The opinion of the court was delivered by: LASKER
Phillip Bass petitions for a writ of habeas corpus on the grounds that: (1) the trial court's decision to bind and gag him during the voir dire of the jury deprived him of his right to a fair trial; (2) weapons and contraband introduced by the State at trial should have been suppressed as the fruits of an unconstitutional search and seizure; and (3) the eyewitness identification testimony admitted at the trial was tainted by a constitutionally defective show-up and line-up.
Bass was convicted after trial by jury, Hon. John J. Walsh presiding, of robbery and criminal possession of a weapon arising from the armed robbery of a supermarket. The conviction was affirmed by the Appellate Division, Second Department, and leave to appeal to the Court of Appeals was denied.
(1) The Gagging and Handcuffing of Bass
Bass was handcuffed and gagged during the voir dire of the jury after he and his co-defendant, Wally Williams, interrupted the proceedings on several occasions to complain of the inadequacy of their appointed counsel.
The first interruption occurred outside the presence of the jury, at the conclusion of Judge Walsh's oral ruling on the motions to suppress. After counsel noted their objections, Bass stated that he was "being railroaded" and requested permission to speak to the Court. Judge Walsh responded:
"I will hear you as much as you want to talk to me. But before you do it, I want you to discuss with your attorney what you intend saying. . . . I don't want you to say something that is going to prejudice you and hurt you."
(Transcript at 124). The Court then called a recess, after which Bass was permitted to express his concerns that the trial be fair. The Court assured Bass that he would be given a fair trial. (Id. at 126-27).
The following day, during the voir dire, Judge Walsh cleared the courtroom of the jurors to allow Bass to make a statement concerning the inadequacy of his counsel. The Court permitted Bass to express his concerns, but denied his application to replace his counsel, explaining that seven days of hearings had already taken place without any request that counsel be replaced, but that if Bass wished to represent himself, his counsel would be directed to remain to assist him. (Id. 215-217).
After asking both defendants whether they wished to make any other statements, Judge Walsh left the courtroom to discuss security arrangements with the Deputy because he "felt both defendants were extremely edgy." (Id. at 219). Upon his return, he was informed that the defendants had spoken to the prospective jurors, who were still seated in the courtroom, saying that they "were being railroaded and they wanted the jury to know that." (Id. at 218-220).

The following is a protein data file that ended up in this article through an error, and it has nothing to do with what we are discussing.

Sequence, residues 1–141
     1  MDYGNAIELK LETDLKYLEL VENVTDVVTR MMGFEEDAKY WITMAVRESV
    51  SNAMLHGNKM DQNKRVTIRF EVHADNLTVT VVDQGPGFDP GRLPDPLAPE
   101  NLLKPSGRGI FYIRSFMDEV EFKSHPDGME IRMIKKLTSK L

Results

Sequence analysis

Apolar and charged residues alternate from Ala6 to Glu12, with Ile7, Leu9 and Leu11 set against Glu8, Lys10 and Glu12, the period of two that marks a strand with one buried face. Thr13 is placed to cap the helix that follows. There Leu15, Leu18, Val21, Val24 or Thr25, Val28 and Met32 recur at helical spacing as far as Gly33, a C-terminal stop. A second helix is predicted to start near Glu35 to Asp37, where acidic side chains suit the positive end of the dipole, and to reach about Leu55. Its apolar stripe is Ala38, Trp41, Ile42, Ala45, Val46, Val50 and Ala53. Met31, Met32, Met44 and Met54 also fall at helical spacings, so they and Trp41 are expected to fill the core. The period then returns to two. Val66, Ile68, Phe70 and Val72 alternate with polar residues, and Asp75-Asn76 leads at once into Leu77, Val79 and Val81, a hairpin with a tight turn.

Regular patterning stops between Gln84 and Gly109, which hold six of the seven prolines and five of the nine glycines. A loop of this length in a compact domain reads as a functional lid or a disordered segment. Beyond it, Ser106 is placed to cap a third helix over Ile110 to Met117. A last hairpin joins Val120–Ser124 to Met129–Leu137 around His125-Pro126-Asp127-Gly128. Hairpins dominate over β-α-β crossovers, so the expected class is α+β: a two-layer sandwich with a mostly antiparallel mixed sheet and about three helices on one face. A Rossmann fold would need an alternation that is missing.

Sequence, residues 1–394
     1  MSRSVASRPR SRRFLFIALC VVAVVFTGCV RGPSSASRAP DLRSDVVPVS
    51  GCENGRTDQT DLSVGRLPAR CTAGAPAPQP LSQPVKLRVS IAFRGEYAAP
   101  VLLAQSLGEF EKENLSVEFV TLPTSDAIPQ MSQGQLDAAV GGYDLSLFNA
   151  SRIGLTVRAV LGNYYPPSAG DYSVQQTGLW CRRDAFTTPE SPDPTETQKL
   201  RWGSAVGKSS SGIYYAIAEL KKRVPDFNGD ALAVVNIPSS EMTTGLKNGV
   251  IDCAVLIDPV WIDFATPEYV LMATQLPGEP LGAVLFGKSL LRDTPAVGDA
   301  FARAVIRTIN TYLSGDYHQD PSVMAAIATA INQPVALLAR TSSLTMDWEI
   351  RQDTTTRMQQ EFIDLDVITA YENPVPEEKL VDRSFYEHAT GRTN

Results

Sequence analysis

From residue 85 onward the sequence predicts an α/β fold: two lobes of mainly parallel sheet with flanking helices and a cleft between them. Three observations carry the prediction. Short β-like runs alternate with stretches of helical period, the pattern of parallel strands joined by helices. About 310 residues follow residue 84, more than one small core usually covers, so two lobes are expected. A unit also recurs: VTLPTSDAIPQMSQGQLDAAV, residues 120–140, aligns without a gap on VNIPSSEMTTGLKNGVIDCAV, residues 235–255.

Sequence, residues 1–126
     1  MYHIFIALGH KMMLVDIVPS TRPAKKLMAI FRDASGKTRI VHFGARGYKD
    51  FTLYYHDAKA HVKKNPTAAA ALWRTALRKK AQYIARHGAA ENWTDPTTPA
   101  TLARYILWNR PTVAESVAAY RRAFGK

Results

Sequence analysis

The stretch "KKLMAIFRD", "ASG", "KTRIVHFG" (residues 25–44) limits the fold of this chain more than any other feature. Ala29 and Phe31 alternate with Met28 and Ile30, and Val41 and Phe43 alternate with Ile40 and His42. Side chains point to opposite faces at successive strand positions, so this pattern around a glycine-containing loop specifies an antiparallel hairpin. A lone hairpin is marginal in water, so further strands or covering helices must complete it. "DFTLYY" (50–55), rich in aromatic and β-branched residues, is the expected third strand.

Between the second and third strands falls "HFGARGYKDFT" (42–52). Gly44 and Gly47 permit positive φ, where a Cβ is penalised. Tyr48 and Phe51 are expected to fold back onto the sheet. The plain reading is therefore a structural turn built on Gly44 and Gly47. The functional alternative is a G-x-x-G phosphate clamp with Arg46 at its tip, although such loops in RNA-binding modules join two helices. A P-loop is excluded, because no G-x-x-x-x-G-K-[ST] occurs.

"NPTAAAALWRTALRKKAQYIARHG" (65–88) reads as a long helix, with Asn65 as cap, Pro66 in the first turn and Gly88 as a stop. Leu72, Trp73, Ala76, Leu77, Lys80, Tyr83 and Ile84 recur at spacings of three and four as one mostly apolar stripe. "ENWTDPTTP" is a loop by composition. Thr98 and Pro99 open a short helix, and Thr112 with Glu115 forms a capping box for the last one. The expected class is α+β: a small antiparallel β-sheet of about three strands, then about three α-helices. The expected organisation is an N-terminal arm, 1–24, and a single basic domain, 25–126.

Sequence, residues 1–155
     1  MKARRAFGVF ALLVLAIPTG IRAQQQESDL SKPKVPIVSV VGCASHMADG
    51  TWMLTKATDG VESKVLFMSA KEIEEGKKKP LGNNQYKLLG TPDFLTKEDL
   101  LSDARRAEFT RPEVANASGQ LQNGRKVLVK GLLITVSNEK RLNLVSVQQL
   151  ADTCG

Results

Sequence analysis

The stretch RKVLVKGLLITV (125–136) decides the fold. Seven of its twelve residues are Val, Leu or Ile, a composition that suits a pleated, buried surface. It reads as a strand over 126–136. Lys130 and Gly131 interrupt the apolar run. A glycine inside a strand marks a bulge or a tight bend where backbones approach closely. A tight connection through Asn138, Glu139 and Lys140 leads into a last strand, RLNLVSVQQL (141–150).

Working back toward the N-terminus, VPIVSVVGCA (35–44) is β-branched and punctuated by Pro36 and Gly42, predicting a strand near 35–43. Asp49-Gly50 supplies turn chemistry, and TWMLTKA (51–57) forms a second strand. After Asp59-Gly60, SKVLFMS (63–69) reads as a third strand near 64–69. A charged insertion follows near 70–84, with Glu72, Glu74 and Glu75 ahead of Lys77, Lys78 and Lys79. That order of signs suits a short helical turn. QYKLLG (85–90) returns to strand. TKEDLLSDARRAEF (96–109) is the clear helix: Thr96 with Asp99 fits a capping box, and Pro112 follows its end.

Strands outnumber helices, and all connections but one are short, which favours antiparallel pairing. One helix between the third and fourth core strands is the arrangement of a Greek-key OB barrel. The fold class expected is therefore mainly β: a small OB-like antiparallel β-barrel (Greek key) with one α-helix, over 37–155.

The courtroom was again cleared of jurors, and the defendants were instructed that they could speak to their counsel or to the Court, but that they would not be permitted to "get up and disrupt the proceedings by addressing . . . the . . . jurors," and that there were means available to the Court to prevent interruptions "such as gagging you." (Id. at 221).
The co-defendant, Williams, was then permitted to apply to be relieved of his counsel. Upon the denial of his application, he asked to be excused from the courtroom "because I will disrupt the courtroom when they come back in." (Id. at 224). Judge Walsh again warned Williams that he might have to be gagged if he disrupted the case. (Id.)
No sooner had the jury been brought back to the courtroom than Bass interrupted, saying: "I can't go on with this here. I don't have attorneys." (Id. at 226). The courtroom was once again cleared of jurors, and the defendants were warned that if any further outbursts occurred, they would be gagged. (Id. at 228). The Court then called a recess to allow the defendants to "cool off" and to talk to counsel about the possible sanctions for disruption of the trial. (Id.)
After the recess, Williams stated, "If you want to continue with this trial, please handcuff and gag me now. That's the only way I am going to let you go on with this trial." (Id. at 229). Judge Walsh replied: "That's up to you, Mr. Williams, but at this stage I am ...